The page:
Ben Gilmer sings of  Southwest Virginia’s hard times and humble goodness on his new record.

I’m a sucker for the sights, aromas, and  sounds of a good county fair.

Can anything top the smell of funnel cakes frying, the stunning collection of bad tattoos on proud display, or the adrenaline rush that comes from entrusting one’s life to a rickety thrill ride hastily constructed by a carny crew whose qualifications are dubious at best?

Unlikely.

Singer/songwriter Ben Gilmer must share my love of all things related to the midway, as the Virginia native titled his recently released record Russell County Fair.

Gilmer, born and raised on a farm in Russell County, has since moved on to West Virginia after a stint in Seattle. Regardless of where he has called home, Gilmer has continued to write songs that echo with the musical traditions of his native Appalachian Mountains. Tales of hard times, bad luck, and the future of a region beset by the struggles of its past abound in his writing and on this new record.

I recently caught up with Ben to chat about the future of Southwest Virginia, growing up in a musical family, and country fair fare.

BRO – Did you come from one of those Southwest Virginia families where everyone played something with strings?

BG – Pretty much. My Paw on my dad’s side played about everything with strings, his children played in a family band called Jenny & The Gentlemen, and a lot of us grandchildren play. My Aunt Ann on my mom’s side was one of my biggest musical influences. She has done a good bit of studio work through the years and is just an all around killer musician. Both sides of my family still have jam sessions at family gatherings at least a few times a year.

BRO – How did growing up in Southwest Virginia influence you as a musician?

BG – My childhood in Southwest Virginia was full of bluegrass, country, gospel, and Southern rock music. It’s probably not too hard to hear that background in the songs that I write. And I grew up around a lot of humble, hardworking, honest, and witty Southwest Virginians. I generally aspire to embody those qualities in my songwriting, even if I sometimes fall short.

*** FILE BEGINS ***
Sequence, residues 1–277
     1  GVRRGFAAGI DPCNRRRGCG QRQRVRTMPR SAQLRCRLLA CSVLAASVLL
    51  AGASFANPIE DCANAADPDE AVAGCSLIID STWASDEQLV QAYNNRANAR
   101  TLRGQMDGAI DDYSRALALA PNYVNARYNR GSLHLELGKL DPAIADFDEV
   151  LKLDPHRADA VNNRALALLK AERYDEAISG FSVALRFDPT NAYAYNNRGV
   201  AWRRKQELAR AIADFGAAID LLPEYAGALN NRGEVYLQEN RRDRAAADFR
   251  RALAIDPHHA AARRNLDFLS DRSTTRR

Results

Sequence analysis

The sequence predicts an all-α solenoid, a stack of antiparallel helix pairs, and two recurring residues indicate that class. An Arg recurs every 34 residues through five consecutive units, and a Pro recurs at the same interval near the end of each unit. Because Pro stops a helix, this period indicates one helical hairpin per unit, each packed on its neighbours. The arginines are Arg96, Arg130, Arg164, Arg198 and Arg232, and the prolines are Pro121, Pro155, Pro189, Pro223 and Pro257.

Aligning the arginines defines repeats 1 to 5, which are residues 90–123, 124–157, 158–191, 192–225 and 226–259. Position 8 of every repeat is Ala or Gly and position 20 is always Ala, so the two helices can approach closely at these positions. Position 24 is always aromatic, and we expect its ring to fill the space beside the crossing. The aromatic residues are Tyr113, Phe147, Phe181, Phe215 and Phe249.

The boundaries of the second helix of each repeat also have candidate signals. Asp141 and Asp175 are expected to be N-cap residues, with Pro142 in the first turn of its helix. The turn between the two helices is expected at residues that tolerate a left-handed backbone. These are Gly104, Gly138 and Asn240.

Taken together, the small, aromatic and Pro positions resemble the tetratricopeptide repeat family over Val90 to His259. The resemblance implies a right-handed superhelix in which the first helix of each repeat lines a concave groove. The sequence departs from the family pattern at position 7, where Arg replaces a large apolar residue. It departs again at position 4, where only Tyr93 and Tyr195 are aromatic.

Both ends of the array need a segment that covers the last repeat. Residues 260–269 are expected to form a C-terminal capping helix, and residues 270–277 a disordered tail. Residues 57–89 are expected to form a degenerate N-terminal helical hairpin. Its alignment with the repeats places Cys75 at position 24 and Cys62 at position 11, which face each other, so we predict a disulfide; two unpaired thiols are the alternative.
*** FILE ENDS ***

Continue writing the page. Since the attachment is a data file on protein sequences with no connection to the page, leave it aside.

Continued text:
BRO – We are featuring “Tastes Like Hard Love” on this month’s Trail Mix. Should everyone, at some point, get a little taste of hard love?

BG – I think everyone experiences hard love. I guess we need to know how it tastes in order to recognize and appreciate the sweet stuff when it shows up.

BRO – Southwest Virginia has faced some tough times recently. Where do you think the region goes from here?

BG – I believe it is really up to us to determine where we go from here. Even if it sucks, this means accepting no single person, policy, or industry is going to save or bury us. A good friend of mine likes to say that there isn’t going to be a silver bullet in Central Appalachia, but there sure could be a lot of silver BBs. I am hopeful that we can embrace and learn from our past, honor our traditions, build on our assets, and keep our eyes focused on the present and future.

BRO – What’s your go to fair food?

BG – No question – a big pork bbq sandwich from my Uncle David’s Cliffside Grille booth. This is the same uncle that dressed up as Elvis and painted his car pink for his demolition derby debut at the Russell County Fair. Don’t I have the coolest family ever?

You can track down more information on Ben Gilmer by surfing over to his website. His touring schedule is a bit quiet right now, but shows will be picking up soon. In the meantime, be sure to peruse the tracks from Russell County Fair.

Also, make sure you take a listen to “Tastes Like Hard Love” on this month’s Trail Mix.